# What is Ordinal Regression

##### What Is Ordinal Regression?

Ordinary linear regression is a powerful statistical technique used to model the relationship between a dependent variable and one or more independent variables. However, the assumption of linear relationships is often unrealistic in many real-world scenarios. For example, in social science research, we frequently work with categorical variables, such as various Likert scales or education levels. These variables do not have a natural ordering, and thus, linear regression is not appropriate.

This is where ordinal regression comes into play. It is a statistical technique used to model the relationship between a dependent variable and one or more independent variables when the dependent variable is ordinal, which is a type of categorical variable with a natural ordering.

The goal of ordinal regression is to predict the likelihood or probability that an observation belongs to a specific category or class, given the predictor variables. The prediction can be done for each level of the ordinal variable, creating a set of predicted probabilities that can be interpreted as the probability of the dependent variable being in a particular category or higher.

##### Types of Ordinal Regression

There are two main types of ordinal regression:

• Ordered Logistic Regression
• Proportional Odds Model
##### Ordered Logistic Regression

Ordered Logistic Regression, also known as a cumulative or proportional odds model, assumes that the coefficients of the predictor variables on the log-odds of the response variable are constant across the levels of the response variable. In other words, the effect of the predictors is the same across all levels of the response variable.

Ordered logistic regression is useful when the odds ratios between adjacent categories of the dependent variable are constant, which means that the odds of being in a specific category vs. all the categories below it are the same for every predictor variable. In other words, the odds of going from "poor" to "average" are the same as going from "average" to "good."

##### Proportional Odds Model

The proportional odds model is a special case of the ordered logistic regression model. It assumes that the relationship between the predictors and the dependent variable is the same across all levels of the outcome variable. However, it also assumes that the odds of being in a specific category of the dependent variable vs. all categories below it are proportional to the odds of being in that category vs. all categories above it.

Proportional odds models are convenient when the dependent variable has a natural ordering, and the relationship between the predictors and the dependent variable is linear. In other words, the coefficients of the predictor variables are the same across the levels of the response, but the odds ratios differ between adjacent categories of the dependent variable.

##### How Ordinal Regression Works?

Ordinal regression starts with the assumption that the categories of the ordinal variable have a natural ordering. The model then uses maximum likelihood estimates to determine the coefficients of the predictor variables. It estimates the likelihood of the outcome variable being in each category given the values of the predictor variables.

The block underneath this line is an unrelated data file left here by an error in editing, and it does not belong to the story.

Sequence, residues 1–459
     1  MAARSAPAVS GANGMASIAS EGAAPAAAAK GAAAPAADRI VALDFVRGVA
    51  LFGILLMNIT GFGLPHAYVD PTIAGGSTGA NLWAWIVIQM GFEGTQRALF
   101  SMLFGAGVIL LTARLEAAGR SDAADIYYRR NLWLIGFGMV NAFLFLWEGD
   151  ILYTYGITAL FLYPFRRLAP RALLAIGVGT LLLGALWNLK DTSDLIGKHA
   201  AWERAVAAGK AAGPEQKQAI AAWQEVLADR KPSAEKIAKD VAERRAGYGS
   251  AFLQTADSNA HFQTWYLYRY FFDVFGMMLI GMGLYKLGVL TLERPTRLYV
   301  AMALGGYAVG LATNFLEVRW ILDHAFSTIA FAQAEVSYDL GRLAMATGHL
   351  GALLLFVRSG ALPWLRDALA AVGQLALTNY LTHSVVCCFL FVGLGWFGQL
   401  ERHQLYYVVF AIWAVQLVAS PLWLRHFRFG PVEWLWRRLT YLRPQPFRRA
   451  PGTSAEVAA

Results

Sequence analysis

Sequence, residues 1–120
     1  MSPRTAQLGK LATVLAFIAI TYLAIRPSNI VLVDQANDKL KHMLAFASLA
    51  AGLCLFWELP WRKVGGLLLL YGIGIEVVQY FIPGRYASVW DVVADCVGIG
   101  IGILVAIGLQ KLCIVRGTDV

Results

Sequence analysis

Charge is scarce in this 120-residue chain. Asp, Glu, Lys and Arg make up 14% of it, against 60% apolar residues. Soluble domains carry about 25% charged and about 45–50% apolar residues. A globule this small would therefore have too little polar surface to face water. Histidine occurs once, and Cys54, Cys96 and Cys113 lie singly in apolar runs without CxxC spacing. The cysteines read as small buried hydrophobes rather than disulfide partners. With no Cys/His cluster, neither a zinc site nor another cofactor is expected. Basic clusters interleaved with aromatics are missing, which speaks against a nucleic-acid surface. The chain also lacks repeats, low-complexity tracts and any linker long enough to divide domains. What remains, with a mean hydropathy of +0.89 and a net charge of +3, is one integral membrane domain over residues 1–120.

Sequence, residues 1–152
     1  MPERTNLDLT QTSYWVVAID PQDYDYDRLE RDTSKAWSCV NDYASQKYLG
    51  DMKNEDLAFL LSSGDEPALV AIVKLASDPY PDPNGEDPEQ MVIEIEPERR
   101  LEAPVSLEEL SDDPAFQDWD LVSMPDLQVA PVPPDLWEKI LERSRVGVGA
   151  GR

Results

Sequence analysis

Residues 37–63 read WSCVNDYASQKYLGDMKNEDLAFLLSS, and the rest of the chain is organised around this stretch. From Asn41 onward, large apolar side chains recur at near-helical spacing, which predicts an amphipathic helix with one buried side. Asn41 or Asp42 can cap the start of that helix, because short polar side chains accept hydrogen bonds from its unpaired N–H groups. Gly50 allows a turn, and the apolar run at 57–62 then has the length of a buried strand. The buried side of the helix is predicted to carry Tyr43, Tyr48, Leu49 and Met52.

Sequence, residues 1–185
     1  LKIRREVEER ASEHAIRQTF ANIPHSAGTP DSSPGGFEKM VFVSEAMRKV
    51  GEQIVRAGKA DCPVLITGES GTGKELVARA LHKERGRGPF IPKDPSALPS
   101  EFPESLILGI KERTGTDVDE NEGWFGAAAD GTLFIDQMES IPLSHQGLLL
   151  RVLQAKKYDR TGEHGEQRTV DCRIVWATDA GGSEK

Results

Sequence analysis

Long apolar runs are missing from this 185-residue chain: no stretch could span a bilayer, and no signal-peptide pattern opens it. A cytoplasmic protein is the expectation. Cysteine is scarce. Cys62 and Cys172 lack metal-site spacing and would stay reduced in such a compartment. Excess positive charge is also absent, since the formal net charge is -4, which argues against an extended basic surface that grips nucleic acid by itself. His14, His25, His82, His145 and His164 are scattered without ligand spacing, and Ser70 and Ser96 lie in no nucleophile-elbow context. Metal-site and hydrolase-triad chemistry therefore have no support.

Unlike linear regression, which uses least squares to determine the coefficients, ordinal regression uses maximum likelihood estimation. This approach estimates the coefficients that maximize the likelihood of the observed data, given the predictor variables.

• Capturing Non-linear Relationships: Ordinal regression can capture non-linear relationships between the dependent variable and predictor variables, which is not possible with linear regression.
• Handling Categorical Variables: Ordinal regression can handle categorical variables with a natural ordering, such as education level, income, and social status, making it ideal for social science research.
• Interpretability: The predicted probabilities in ordinal regression can be easily interpreted in the context of the dependent variable, making it easy to communicate the results.
• Efficiency: Ordinal regression uses maximum likelihood estimation, which only requires a set of reasonable assumptions to estimate the coefficients. This saves computing resources and helps academics perform studies more efficiently.
##### Limitations of Ordinal Regression
• Assumptions: Ordinal regression relies on several assumptions, including linearity of the relationship between predictors and the response variable, independence of observations, and normality of residuals.
• Small Sample Size: When the sample size is small, it can affect the accuracy of the estimates and undermine the statistical power.
• Limited to Ordinal Data: Because ordinal regression can only handle data that have a natural ordering, researchers must find alternative techniques if their data falls outside of this category.
• Difficulties with Causal Inferences: Ordinal regression is not designed to make causal inferences as it does not account for other potential confounding variables in the model. This could be dangerous when drawing causal conclusions from the model.
##### Conclusion:

Ordinal regression is an essential statistical technique for researchers and data scientists who work with ordinal data. It is particularly useful for analyzing social science studies where variables have a natural order. Ordinal regression helps researchers capture nonlinear relationships between predictor variables and dependent variables and estimate the likelihood of the dependent variable being in specific categories or higher.

However, programmers should be aware of the assumptions and limitations of ordinal regression when applying this method to various analytical problems. Any research using this method must make a good effort to meet these conditions to get accurate results.